A plan to create new rules governing building practices in forested areas is facing an uphill battle for acceptance from the public in the West Kootenay, a new report on the idea has found.
Nearly half the people (45 per cent) who responded this summer during a public input period on the planned Wildfire Development Permit Area said they strongly, or somewhat strongly, opposed implementing the DPAs. Just over a third of respondents (36 per cent) said they supported the concept.
Nineteen per cent said they had no opinion.
Consultations on the idea began last April, after the regional government received nearly $100,000 to hold public hearings and develop Wildfire DPAs for each area of the Regional District of Central Kootenay.
A Development Permit Area sets design guidelines and standards that can govern things like building material types, landscaping, and building placement for new construction. DPAs can be created to protect or promote environmental, heritage, commercial or other values – in this case, to try to mitigate the risk from wildfires.
The consultants, Urban Systems, had about 159 people fill out an online survey – but only two people participated in live online workshops. The company submitted its What We Heard report to the RDCK directors at their October board meeting.
Despite the opposition, the consultants found a solid majority of respondents (63 per cent) agreed that wildfires are a natural process and that the RDCK has to adapt to the growing threat of wildfires. A majority said they would support regulation for roofing materials (58 per cent) and landscaping (53 per cent), but support began to wane for regulating building materials (40 per cent) and setting the location of a building (30 per cent).
“Let people make some of their own decisions with the level of risk they are willing to take,” one respondent is quoted as saying, while another said, “I don’t think there should be regulations, only suggestions/guidelines.”
Over half (57 per cent) of respondents said they were likely or very likely to take measures to implement wildfire mitigation measures, while 21 per cent said they were not likely to do so.
Others said incentivizing people to use FireSmart principles might encourage compliance. Ninety-five per cent of respondents had heard of the fire mitigation program, and more than two-thirds of the people responding said they were already taking some FireSmart actions, like cleaning gutters and choosing non-flammable roofing materials. But attitudes toward further regulation were also pronounced.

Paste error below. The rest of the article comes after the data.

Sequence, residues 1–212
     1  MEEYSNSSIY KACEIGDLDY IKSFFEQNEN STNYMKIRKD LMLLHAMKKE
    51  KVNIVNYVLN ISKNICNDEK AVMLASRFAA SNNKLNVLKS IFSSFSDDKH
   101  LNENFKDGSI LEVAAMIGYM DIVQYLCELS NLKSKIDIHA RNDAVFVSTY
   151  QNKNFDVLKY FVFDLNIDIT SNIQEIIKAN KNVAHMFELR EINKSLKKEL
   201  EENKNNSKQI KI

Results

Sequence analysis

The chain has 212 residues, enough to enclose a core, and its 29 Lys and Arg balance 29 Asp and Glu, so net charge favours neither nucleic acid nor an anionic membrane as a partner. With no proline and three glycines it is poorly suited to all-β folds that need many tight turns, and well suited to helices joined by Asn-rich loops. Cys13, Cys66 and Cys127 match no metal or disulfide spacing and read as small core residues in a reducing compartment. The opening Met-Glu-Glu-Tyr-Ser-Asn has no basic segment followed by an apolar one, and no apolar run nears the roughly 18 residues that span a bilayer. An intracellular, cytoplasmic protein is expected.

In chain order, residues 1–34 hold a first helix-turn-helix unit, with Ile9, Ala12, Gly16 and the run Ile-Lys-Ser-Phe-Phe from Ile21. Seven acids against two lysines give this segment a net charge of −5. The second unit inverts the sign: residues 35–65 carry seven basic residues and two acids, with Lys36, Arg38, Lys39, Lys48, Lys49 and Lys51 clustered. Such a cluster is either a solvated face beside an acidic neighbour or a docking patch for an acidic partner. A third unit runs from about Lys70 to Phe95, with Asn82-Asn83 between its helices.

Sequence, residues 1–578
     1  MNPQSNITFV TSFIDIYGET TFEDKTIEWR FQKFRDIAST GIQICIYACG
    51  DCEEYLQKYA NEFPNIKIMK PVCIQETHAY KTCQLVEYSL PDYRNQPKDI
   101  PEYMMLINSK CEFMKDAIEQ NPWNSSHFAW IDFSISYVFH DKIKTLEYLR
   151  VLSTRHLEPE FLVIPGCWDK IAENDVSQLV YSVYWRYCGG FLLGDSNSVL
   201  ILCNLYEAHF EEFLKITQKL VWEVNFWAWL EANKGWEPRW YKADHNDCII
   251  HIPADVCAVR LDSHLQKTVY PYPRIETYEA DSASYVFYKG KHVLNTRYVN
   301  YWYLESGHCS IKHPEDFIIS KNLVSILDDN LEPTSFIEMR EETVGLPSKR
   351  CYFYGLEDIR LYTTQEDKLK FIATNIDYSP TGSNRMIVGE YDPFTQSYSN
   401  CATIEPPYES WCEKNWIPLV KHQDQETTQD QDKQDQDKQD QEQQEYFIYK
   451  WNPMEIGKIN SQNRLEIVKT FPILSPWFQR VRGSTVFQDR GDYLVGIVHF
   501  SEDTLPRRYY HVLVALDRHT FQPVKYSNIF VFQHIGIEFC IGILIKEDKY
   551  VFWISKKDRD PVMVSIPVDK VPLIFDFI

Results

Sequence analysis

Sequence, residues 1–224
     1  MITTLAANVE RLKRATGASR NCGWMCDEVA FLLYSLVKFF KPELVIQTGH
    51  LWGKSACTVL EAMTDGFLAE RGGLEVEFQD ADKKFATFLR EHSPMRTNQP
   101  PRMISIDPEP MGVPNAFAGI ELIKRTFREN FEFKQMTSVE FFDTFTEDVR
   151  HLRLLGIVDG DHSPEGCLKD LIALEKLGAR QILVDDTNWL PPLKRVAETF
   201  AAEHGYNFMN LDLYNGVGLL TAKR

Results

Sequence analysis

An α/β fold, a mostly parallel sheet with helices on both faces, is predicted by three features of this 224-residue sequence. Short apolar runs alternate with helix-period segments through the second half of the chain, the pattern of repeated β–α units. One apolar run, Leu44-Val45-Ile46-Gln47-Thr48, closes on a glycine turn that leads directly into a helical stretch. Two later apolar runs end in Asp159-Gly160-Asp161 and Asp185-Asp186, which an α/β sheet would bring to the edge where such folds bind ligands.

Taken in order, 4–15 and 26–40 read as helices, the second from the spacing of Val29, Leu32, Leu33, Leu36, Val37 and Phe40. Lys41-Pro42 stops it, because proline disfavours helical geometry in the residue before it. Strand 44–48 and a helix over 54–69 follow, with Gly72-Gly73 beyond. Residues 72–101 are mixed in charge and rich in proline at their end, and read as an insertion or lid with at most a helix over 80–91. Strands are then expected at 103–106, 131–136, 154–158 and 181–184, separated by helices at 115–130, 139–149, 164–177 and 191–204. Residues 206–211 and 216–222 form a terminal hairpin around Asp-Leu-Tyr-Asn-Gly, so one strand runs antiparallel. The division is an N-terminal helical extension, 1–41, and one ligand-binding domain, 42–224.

“I believe the restrictions on a property owner are ONLY appropriate when there is a realistic concern that the property owner’s actions will negatively impact neighbouring properties,” one respondent is quoted as saying. “It is NOT government’s job to protect me from myself.”
However, directors of the Regional District of Central Kootenay questioned just how accurate the assessment of public opposition was to Wildfire DPAs.
Area A Director Garry Jackman pointed out that while there were 159 online comments submitted, there was no way to say how many people that actually represented.
“It’s difficult to know if the same person didn’t put in 18 comments,” he said. “Gauging from the language and the level of anger – I hold this as carry-over anger from COVID or anti-government feeling – I can’t judge the level of opposition, because the level of opposition from some appears to be repetitive.”
“I would not view this as a statistical survey. This is not an Angus-Reid poll,” agreed Urban System’s Jamie McEwan. “This is a litmus test, a general start to the discussion, and an opportunity for people to participate in an ongoing manner.
“So it’s a little bit of information to move ahead in the process to better advise future decision-making.”
That process is on pause for now, as the municipal election brings new directors to the table. Directors will meet in November to discuss the DPA further and plan next steps.
The project goal is to create unique wildfire DPAs for each electoral area. Some would carry more force than others, depending on how each area responds to the concept.
The project is supposed to be completed by spring 2023.